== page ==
or the Library of Congress in order to consult rare works, that fact
is indicated with the initials NY or LC in the bibliographical notes.
In addition to library files, a bibliography of musical bibliographies
by Michel Brenet (Mlle. Bobillier) in L'annee Musicale, Paris, 19II,
provided an excellent starting point for bibliographical research.
The following studies on the literature of music in general have
been helpful:
J. N. Forkel, Allgemeine Literatur der Musik, Leipzig, 1792, 540 pp.
Carl F .. Becker, Systematisch-chronologische Darstellung der musikal-
ischen Literatur von der fruhesten bis die neueste Zeit. 1836, 6o5 pp.
James E. Matthews, The Literature of Music, London, 1896.
Julia Gregory (Library of Congress Music Division), Catalogue of Early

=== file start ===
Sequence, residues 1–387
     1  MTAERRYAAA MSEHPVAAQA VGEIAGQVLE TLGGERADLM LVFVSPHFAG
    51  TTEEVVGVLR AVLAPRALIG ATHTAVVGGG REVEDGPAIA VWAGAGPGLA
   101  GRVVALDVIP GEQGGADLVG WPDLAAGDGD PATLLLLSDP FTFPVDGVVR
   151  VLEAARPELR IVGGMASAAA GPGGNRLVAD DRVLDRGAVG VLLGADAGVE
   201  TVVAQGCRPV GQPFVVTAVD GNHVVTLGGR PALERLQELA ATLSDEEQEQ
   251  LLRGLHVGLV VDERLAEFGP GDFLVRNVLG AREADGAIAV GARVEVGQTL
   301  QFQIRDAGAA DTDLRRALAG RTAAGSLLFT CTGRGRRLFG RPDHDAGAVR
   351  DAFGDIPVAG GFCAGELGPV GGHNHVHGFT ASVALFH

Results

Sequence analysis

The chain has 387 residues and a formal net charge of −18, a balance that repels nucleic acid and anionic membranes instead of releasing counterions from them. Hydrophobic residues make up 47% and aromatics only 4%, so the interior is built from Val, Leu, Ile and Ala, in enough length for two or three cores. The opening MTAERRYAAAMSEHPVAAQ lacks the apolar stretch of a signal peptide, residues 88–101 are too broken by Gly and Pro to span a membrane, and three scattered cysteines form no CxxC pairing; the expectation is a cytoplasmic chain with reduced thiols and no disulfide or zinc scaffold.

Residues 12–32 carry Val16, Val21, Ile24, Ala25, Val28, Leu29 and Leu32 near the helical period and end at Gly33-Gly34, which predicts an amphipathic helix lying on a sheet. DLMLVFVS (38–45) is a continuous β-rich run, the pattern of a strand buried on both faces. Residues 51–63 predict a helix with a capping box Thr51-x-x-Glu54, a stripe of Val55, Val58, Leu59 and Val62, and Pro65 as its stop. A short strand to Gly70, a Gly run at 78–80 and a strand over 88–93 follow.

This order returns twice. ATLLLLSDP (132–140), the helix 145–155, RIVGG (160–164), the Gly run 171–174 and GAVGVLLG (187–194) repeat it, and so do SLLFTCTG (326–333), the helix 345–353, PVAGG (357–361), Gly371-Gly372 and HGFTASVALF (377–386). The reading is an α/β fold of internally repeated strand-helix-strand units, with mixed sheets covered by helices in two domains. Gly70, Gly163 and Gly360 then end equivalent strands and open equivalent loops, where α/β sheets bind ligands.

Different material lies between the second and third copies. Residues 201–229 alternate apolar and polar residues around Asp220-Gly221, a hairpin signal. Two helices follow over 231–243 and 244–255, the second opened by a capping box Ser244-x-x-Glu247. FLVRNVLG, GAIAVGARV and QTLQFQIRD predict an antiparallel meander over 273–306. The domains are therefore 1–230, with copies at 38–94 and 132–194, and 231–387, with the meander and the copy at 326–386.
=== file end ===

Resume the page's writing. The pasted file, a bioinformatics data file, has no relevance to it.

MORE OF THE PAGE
Books on Music (before r8oo ), Washington, 1913.
Adolf Aber, Handbuch der Musikliteratur, Leipzig, 1922, 695 pp. NY.
Eric General Index to Modern Music L.iterature in English, Lon-
1927, 159 pp.
Schiedermair, Einfuhrung in das Studium der Musikwissen-
Bonn, 1930, 107 pp.

Bibliographies of music history also appear under the title "His-

tory of Music" in Grove's Dictionary of Music and Musicians, 1928
edition [99 ], and the Musiklexicons of Hugo Riemann [ 107] and
H. J. Moser [287 ]. Current and past issues of the Peters Jahrbuch
der Musikwissenschaft (Leipzig), the Acta Musicologica (Copen-
hagen), the Musical Quarterly (New York), Music and [..etters
(London), and La Revue Musicale (Paris) provide book lists that
are constant and growing sources of information.

MusrcuM," 1615



The Lutheran Pioneers-- The Catholic Scholars- The Three First Histories in